Updated February 19, 2018 - 8:25 pm
Less than a year-and-a-half after it opened, the Lucky Dragon is in bankruptcy.
Lucky Dragon developer Andrew Fonfa pushed the off-Strip, Chinese-themed resort into Chapter 11 protection Friday, less than a week before the property’s scheduled foreclosure auction this Thursday, court records show.
The resort employs 98 people and filed for bankruptcy “to preserve jobs, pay its creditors and provide certainty to the market,” according to court papers.
Management expects to run a “quick” but “thoughtful” auction and believes that a sale through bankruptcy court “is the best opportunity … to preserve and maximize” its value.
Lucky Dragon was the first resort built from the ground up in Las Vegas since the recession, and its bankruptcy is the latest of several problems that overall amount to a brutal start.
The boutique hotel has shed staff and struggled to draw big crowds, and its lead building contractor claimed that it was owed millions of dollars for unpaid work. It also temporarily closed its casino and restaurants last month and faced foreclosure after a $90 million loan went into default.
Fonfa, founder of ASF Realty and Investments, could not be reached for comment Monday.
There typically is no disruption in day-to-day operations when a Las Vegas casino goes bankrupt, though sometimes management may look to reduce hours or close some amenities, Union Gaming analyst John DeCree said.
DeCree said Lucky Dragon “caters to only one customer segment,” making it difficult to generate enough gambling revenue to cover its costs. As he sees it, a successful buyer “could try to broaden” its target market.
Lucky Dragon’s bankruptcy lawyer, Samuel Schwartz, said in an email to the Las Vegas Review-Journal that the resort “is working actively with its investment bankers and attorneys to refinance or restructure its debt.”
He said Lucky Dragon and lender Snow Covered Capital, an obscure company linked to San Francisco real estate investor Enrique Landa of Associate Capital, are striving “diligently to achieve a solution to best protect” the assets and investors.
Snow issued the $90 million loan, Clark County records show. According to bankruptcy court filings, Snow doled out “an initial” $30 million construction loan and a $15 million revolving loan.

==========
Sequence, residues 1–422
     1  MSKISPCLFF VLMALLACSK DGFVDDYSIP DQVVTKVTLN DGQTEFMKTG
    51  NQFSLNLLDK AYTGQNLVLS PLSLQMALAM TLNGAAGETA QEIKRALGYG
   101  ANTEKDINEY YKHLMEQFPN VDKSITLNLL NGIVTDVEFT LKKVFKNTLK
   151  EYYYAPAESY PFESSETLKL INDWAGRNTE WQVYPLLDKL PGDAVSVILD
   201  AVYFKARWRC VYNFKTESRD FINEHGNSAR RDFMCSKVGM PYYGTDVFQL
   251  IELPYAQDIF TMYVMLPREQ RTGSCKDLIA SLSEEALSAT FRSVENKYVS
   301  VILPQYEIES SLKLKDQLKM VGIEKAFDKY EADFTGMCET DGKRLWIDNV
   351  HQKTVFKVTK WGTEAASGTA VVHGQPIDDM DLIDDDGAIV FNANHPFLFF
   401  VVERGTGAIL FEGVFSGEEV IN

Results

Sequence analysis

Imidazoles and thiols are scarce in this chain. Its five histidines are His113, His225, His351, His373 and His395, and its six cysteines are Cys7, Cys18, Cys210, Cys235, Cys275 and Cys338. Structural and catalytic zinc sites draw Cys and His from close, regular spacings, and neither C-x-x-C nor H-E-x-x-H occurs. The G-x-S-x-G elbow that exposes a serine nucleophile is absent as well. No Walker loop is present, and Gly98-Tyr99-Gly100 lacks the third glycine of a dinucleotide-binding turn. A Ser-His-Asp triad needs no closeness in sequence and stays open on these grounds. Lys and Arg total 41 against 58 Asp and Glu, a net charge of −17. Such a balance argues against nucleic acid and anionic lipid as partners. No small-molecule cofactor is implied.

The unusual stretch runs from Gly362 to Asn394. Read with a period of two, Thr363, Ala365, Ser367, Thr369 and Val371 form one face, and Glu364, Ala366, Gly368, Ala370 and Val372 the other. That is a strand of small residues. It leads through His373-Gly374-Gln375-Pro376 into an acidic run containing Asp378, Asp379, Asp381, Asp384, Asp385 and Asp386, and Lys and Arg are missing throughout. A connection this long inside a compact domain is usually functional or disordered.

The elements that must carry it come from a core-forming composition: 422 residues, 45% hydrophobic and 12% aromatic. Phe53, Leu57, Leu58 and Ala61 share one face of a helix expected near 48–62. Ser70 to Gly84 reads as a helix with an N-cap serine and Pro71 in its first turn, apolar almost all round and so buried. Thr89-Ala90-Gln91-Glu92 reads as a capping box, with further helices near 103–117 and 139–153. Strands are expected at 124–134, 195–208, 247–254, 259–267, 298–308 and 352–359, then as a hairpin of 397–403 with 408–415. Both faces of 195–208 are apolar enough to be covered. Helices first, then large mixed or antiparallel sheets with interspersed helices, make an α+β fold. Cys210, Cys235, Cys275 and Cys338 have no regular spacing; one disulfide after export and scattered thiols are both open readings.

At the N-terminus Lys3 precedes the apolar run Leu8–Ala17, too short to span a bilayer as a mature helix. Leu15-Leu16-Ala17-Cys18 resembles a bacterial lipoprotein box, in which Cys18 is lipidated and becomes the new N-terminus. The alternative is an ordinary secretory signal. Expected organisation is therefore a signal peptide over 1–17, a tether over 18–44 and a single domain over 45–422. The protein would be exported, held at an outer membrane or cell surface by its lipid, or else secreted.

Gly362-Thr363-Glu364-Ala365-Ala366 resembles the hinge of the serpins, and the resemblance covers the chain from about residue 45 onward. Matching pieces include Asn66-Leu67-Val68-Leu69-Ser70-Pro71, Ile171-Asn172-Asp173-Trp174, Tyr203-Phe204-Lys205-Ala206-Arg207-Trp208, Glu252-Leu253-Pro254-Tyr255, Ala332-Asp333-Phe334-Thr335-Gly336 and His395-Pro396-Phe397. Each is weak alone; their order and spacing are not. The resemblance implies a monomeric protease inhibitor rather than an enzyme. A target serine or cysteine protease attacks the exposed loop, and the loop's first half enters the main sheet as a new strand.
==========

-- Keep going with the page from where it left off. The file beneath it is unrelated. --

Schwartz said that Snow recently agreed to a two-week extension of the foreclosure sale to let negotiations continue.
“Presently, we do not anticipate the bankruptcy filing will affect operations, as the hotel is still open and operating,” Schwartz said.
Landa did not immediately return a call Monday seeking comment.
Bob Olson, Snow’s lawyer in the case, said he does not “have authority to comment.”
According to bankruptcy papers, Lucky Dragon was appraised at $143 million last fall, and about 179 people invested $500,000 each, or $89.5 million total, in the project through the federal EB-5 visa program.
Foreigners can obtain U.S. residency through the EB-5 program if they put at least a half-million dollars into a business venture and the funding creates at least 10 full-time jobs.
Lucky Dragon, at 300 W. Sahara Ave., just west of Las Vegas Boulevard, consists of a nine-story hotel and a 27,500-square-foot casino in separate buildings. It debuted in November 2016. The 2.5-acre resort was designed to cater primarily to Asian-American and Asian immigrant customers.
Just a few months after opening, the resort closed a restaurant and axed about a hundred workers to save costs, the Review-Journal reported.
Chinese gamblers playing at other casinos indicated last year to the RJ that the problem was not Lucky Dragon’s food and entertainment offerings but its comparatively stingy gaming and comp policy.
The hotel initially was scheduled for a Feb. 6 foreclosure auction, but that morning, the auctioneer announced that it had been postponed to Feb. 22.
Derek Stevens, owner of the D Las Vegas and the Golden Gate, was in the crowd on Feb. 6. He told the RJ that the Lucky Dragon is “very nice” but sits “in a pretty tough location” with little pedestrian traffic.
The Chapter 11 case was filed in U.S. Bankruptcy Court in Las Vegas by Lucky Dragon Hotel &Casino LLC, the resort’s operating entity. Its real estate is owned through Lucky Dragon LP.
Contact Eli Segall at firstname.lastname@example.org or 702-383-0342. Follow @eli_segall on Twitter.